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Economists agree to disagree on state pension fund

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State economists on Tuesday deadlocked over changing the state pension fund’s expected rate of return on investments.

The Florida Retirement System Actuarial Assumption Conference will meet again Thursday to see if members can compromise.

Christian Weiss, economic policy coordinator for Gov. Rick Scott, argued for keeping the system’s assumed rate of return at 7.65 percent.

But Don Langston, staff director of the House of Representatives’ Finance & Tax Committee, and Amy Baker, head of the state Office of Economic and Demographic Research, argued for lowering it to 7.5 percent.

During the meeting, Baker mentioned a “long-term dimming of expectations” from the investment markets.

Pensions & Investments money management newspaper recently explained that “lowering return assumptions can have big implications.”

For instance, “it increases the unfunded liabilities of pension plans,” meaning legislatures “must make larger pension contributions.”

The pension plan of the Florida Retirement System, the nation’s fourth-biggest public retirement system, has been approximately 85-87 percent funded in recent years.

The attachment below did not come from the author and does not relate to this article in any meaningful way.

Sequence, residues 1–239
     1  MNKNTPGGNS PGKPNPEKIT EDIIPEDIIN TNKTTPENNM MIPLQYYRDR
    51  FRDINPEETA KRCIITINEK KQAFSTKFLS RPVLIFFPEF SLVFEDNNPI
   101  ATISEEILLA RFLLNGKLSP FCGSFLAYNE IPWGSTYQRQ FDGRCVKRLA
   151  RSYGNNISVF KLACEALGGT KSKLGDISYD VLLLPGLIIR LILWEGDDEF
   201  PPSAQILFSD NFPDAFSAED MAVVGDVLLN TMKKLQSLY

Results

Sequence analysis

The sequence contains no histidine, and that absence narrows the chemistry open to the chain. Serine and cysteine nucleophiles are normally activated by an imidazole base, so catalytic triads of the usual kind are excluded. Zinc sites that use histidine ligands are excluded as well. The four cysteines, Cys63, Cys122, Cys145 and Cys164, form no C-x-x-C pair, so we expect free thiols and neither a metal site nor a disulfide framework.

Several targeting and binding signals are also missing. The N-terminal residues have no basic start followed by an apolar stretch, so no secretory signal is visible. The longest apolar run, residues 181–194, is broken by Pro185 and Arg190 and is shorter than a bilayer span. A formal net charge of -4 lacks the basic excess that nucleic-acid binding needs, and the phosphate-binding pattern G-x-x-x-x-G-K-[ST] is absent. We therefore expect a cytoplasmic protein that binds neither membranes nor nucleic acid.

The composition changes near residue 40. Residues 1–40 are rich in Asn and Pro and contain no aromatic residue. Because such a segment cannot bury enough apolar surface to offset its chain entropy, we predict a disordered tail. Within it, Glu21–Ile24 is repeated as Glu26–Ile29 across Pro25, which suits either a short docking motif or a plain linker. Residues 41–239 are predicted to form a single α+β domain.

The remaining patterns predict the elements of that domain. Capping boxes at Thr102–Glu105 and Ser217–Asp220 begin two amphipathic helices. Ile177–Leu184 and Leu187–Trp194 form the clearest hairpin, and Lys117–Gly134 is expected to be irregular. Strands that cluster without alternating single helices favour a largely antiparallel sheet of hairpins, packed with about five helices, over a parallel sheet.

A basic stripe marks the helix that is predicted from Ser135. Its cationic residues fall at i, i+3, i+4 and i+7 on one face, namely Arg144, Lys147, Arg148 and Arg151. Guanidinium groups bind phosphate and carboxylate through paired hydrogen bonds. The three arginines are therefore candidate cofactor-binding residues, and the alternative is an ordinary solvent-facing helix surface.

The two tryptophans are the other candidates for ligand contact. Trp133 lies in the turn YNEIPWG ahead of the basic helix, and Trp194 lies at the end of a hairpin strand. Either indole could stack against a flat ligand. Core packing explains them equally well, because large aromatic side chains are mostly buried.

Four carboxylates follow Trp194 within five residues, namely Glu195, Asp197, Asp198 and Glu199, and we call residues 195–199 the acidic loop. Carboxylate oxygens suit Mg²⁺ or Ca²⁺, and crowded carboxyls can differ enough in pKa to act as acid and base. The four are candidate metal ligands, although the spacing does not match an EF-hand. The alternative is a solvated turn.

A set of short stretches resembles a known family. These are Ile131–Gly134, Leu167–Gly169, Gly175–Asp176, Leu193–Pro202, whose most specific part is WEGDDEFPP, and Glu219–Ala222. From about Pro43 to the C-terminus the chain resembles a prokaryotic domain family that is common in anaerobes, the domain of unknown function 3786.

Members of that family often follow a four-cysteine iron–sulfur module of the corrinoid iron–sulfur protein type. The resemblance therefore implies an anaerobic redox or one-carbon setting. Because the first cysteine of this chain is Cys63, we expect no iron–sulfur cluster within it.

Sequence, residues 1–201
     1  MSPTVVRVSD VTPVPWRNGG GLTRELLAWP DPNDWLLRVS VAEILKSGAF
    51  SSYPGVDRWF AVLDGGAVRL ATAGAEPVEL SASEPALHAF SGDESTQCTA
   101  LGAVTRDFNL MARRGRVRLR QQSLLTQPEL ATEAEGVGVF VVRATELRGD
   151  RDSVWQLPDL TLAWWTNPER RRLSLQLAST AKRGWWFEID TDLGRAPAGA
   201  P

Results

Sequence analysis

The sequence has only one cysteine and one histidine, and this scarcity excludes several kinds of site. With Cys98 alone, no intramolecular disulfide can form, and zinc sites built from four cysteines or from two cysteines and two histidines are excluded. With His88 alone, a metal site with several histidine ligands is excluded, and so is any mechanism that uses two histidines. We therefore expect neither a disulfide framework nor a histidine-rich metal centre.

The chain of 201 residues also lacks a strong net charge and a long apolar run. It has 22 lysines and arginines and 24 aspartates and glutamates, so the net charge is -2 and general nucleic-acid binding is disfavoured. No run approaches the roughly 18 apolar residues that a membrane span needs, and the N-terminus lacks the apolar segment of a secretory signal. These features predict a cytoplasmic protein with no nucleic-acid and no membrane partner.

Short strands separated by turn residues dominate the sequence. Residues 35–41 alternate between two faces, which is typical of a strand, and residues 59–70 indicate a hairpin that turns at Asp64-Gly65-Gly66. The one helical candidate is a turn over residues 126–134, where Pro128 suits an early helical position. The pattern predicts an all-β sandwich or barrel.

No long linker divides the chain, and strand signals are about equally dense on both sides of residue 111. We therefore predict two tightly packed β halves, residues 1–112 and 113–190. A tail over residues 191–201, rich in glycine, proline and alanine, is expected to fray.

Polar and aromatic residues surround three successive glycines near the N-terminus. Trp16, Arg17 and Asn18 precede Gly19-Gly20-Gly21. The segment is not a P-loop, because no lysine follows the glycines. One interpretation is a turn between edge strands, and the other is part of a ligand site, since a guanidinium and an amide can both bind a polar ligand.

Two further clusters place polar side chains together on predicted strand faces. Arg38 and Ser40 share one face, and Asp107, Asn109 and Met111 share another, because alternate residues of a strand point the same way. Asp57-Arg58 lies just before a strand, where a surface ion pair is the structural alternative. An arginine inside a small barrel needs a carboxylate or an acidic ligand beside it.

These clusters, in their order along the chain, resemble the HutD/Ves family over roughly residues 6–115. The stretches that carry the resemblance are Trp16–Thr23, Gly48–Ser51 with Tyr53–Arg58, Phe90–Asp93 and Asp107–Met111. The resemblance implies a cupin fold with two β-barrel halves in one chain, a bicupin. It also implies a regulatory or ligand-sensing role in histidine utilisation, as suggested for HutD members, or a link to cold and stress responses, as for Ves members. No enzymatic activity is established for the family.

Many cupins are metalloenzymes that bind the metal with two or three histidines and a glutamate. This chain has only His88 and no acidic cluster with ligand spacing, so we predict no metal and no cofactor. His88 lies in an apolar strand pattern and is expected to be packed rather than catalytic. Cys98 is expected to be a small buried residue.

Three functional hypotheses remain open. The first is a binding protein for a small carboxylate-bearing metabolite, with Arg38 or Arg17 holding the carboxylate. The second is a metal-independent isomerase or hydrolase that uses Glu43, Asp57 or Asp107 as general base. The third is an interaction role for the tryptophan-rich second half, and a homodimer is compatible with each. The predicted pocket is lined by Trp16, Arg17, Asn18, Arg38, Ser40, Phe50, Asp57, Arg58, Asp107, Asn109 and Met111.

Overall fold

But as conference members were told Tuesday, retirees are living longer and investments aren’t as profitable as they used to be.

The state’s pension fund ended the 2015-16 fiscal year at $141.3 billion in assets, down from $148 billion the year before. It earned $600 million but paid out $17.5 billion in benefits, the conference was told.

Where the system once had three active workers per one retiree, that ratio now is close to 1-to-1.

Earlier this year, a government-efficiency task force recommended closing the pension system to new hires and forcing them to enroll in an investment plan.

For several years, House Republicans have pushed some version of pension reform that fizzles out in the Senate. The House wants to move new state workers into 401(k)-style retirement accounts, as most private companies offer.

Before joining Florida Politics, journalist and attorney James Rosica was state government reporter for The Tampa Tribune. He attended journalism school in Washington, D.C., working at dailies and weekly papers in Philadelphia after graduation. Rosica joined the Tallahassee Democrat in 1997, later moving to the courts beat, where he reported on the 2000 presidential recount. In 2005, Rosica left journalism to attend law school in Philadelphia, afterwards working part time for a public-interest law firm. Returning to writing, he covered three legislative sessions in Tallahassee for The Associated Press, before joining the Tribune’s re-opened Tallahassee bureau in 2013. He can be reached at [email protected]

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